Role of organic matter and soil biota on first steps of soil structuring. The case of alluvial soils from alpine to plain level (FLOODSTRUBIO)
Responsable du projet Renée Claire Le Bayon
Partenaire Claire Guenat
Eric Verrecchia
Directeur de la thèse Jean Michel Gobat
Résumé Floodplains are known to be areas of extraordinary biodiversity with a mosaic of shifting habitats with high interdependency. Nowadays, these ecosystems are subject to conservation and protection. Regarding pedology, floodplains contain a wide pattern of all steps of soil evolution, i.e. from a new sediment deposition to stable soils after several hundred years. However, less attention has been paid in this context to pedogenesis, especially the very first steps of soil structuring in the youngest and the least developed soils. In the present project, we aim to understand the processes and the mechanisms of soil structuring, in particular the role of organic matter and soil fauna.

Then, two types of questions are raised, concerning at the same time basic mechanisms and external regulation:
1- In soils, how is organic matter involved in soil structure? Internal mechanisms in relation to soil biota are needed to better understand physical and biochemical processes implied in organic matter decomposition, incorporation and its further role in soil stabilization processes.
2- Which external constraints may regulate soil structuring? Fluvial dynamics and particularly punctual floods have to be taken into consideration. A detailed knowledge of the historical context and the use of flood simulations could be useful to understand the resilience of soils consecutive to erosion and/or supply of materials. In addition, vegetation (reflecting mesoclimate), humus forms and soil types appear to be relevant.

Within the framework of a functional approach, two main hypothesis could be stated:
1- at the alpine level, pedogenesis processes are assumed to be slower than at the plain level. So, the pioneer stages would be clearly visible as intermediate steps near the headwaters at the opposite from the plains where the soil structural stability is more strongly established.
2- the vegetation and the soil diversity as well as biological activities, are supposed to differ in relation to climatic constraints ; separated effects at the alpine level could be combined at the plain level and the same tendency could be observed at a lateral distance from the river.

To assess these assumptions, we propose to study physico-chemical and biological variables :
1- along the river, from the headwaters to the plains liable to flooding.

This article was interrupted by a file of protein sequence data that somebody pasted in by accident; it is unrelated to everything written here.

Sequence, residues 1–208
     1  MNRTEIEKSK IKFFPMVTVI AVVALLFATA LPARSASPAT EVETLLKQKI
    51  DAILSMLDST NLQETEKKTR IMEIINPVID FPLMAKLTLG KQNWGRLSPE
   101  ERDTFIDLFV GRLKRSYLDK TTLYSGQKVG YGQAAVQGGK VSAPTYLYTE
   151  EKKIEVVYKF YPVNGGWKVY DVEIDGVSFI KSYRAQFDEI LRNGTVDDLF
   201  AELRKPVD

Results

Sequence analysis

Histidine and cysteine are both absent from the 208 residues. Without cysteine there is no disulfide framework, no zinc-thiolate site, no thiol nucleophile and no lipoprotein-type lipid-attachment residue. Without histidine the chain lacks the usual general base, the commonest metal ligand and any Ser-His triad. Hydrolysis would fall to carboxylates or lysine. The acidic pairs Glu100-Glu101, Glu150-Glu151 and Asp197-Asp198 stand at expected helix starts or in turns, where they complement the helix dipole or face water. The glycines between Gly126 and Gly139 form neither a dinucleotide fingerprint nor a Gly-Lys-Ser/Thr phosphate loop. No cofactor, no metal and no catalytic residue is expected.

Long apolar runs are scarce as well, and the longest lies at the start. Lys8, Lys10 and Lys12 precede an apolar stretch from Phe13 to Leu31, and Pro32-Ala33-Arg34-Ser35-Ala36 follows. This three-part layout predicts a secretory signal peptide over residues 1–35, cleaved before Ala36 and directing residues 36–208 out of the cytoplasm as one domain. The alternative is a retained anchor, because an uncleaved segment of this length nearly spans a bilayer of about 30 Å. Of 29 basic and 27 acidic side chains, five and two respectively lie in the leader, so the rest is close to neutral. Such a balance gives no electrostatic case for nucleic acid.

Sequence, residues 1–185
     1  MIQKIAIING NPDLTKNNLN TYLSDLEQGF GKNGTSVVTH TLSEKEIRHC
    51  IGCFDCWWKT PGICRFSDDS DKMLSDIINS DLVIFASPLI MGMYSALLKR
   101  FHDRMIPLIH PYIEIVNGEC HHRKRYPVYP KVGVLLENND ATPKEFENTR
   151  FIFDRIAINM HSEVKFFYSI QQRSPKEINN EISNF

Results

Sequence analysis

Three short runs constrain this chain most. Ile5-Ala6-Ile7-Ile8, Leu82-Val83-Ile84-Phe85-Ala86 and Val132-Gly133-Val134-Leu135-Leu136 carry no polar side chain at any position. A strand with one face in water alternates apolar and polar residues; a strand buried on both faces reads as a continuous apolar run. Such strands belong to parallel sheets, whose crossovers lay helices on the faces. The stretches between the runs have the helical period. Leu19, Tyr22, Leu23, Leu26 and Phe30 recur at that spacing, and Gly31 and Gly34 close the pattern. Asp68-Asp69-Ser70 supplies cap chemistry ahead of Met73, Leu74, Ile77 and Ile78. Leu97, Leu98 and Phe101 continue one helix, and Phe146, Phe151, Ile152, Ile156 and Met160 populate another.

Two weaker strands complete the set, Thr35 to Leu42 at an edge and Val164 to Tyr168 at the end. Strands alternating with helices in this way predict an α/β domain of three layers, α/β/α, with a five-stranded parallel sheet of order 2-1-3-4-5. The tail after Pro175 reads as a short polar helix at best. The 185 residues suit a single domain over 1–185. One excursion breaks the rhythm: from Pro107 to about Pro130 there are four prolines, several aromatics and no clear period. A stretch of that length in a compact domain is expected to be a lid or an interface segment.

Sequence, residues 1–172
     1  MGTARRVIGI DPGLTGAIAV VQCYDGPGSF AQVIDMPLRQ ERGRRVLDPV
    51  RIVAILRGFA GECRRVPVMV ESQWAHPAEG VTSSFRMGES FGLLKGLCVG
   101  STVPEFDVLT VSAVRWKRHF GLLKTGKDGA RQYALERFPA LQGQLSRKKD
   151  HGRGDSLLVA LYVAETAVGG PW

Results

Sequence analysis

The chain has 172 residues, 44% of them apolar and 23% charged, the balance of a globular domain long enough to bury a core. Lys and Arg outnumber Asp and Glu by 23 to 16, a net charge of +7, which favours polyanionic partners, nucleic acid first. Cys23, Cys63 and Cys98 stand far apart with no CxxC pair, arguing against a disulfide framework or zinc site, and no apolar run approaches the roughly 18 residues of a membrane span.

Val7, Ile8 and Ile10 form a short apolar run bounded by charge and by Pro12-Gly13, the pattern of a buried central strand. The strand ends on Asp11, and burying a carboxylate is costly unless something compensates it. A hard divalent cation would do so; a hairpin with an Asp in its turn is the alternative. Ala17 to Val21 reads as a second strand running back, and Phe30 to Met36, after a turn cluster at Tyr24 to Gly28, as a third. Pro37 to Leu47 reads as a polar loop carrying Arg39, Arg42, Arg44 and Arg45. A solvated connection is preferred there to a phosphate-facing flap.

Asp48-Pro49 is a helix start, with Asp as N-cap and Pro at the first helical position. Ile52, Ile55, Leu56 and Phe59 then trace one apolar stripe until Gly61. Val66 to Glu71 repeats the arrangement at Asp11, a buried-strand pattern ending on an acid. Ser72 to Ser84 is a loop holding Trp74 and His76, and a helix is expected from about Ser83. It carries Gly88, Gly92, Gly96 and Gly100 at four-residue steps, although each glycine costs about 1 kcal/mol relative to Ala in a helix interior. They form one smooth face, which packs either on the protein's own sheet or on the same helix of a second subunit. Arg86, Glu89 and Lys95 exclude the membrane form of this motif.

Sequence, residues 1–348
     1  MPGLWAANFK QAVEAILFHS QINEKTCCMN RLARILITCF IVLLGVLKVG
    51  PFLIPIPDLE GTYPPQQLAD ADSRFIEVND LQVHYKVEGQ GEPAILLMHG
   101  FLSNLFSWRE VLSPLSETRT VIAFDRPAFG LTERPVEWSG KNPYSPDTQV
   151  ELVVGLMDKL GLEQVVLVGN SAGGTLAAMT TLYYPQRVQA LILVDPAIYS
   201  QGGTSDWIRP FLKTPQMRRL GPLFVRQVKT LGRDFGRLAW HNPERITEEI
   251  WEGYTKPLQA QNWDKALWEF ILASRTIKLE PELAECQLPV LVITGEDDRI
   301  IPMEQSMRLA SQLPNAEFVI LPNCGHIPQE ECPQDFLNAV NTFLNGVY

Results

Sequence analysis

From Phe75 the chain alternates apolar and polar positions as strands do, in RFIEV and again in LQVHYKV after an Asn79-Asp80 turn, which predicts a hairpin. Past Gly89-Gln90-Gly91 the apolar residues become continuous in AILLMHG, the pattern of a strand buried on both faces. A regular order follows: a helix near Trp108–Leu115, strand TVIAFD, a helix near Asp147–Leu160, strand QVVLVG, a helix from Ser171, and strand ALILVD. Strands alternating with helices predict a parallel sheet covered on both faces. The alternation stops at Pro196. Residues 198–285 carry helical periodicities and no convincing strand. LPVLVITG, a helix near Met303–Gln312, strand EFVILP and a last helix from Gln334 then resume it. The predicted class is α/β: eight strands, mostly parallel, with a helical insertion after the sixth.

2- perpendicular to the river, from the river itself to far away from it, until reaching the climax stage of the vegetation.

We choose to combine manipulated laboratory and field studies, the first ones giving information about key processes, the second ones allowing the understanding of the whole ecosystem and its regulation factors.

For our purpose, we need to use descriptors which are able to highlight, in a very detailed way, the first steps of soil aggregates formation. Thus, the main variables chosen in our project are, according to a gradient of size:
i) organic matter, both autochtonous and allochtonous, which influences the biotic community of the stream as well as the nutrients dynamics of the system,
ii) soil biota, that is a strong functional link between vegetation, organic matter and nutrients dynamics, humus forms and soil types. Soil fauna will be studied, in particular Collembola, Enchytreids and earthworms that are three of the main groups involved in organic matter decomposition, nutrient cycles and soil structuring. In addition, focus will be made at a smaller scale on soil microorganisms (bacteria and fungi). For an exhaustive study, research on soil biota will be carry out by the PhD student and at least two master students.
iii) Humiferous episolum (humus forms), the “energy distribution central point” of the ecosystem, with special hot spots of activities. The episolum is therefore the place for essential steps of pedogenesis combining a two-speed temporal scale: one linked to the vegetation (season or decade) and one related to the soil evolution in its wholeness (decade to century).
iv) soil types, usually weakly developed in the alluvial zone because of the age of the surface, and because of periodic disturbance by inundation, erosion, and/or deposition, and,
v) vegetation, especially riparian vegetation types according to the intra-ecosystem levels (phytocoenoses and synusiae) and taking into account temporal variations.

Chosen as the key process in our research project, the formation of the soil structure gathers and integrates all of these five themes.
Mots-clés Soil structuring, soil biota, organic matter, european floodplains, field and laboratory experiments
Type de projet Recherche de thèse
Domaine de recherche Biologie
Source de financement FNS - Encouragement de projets (Div. I-III)
Etat Terminé
Début de projet 1-10-2007
Fin du projet 31-5-2011
Budget alloué CHF 227'000.00
Contact Renée-Claire Le Bayon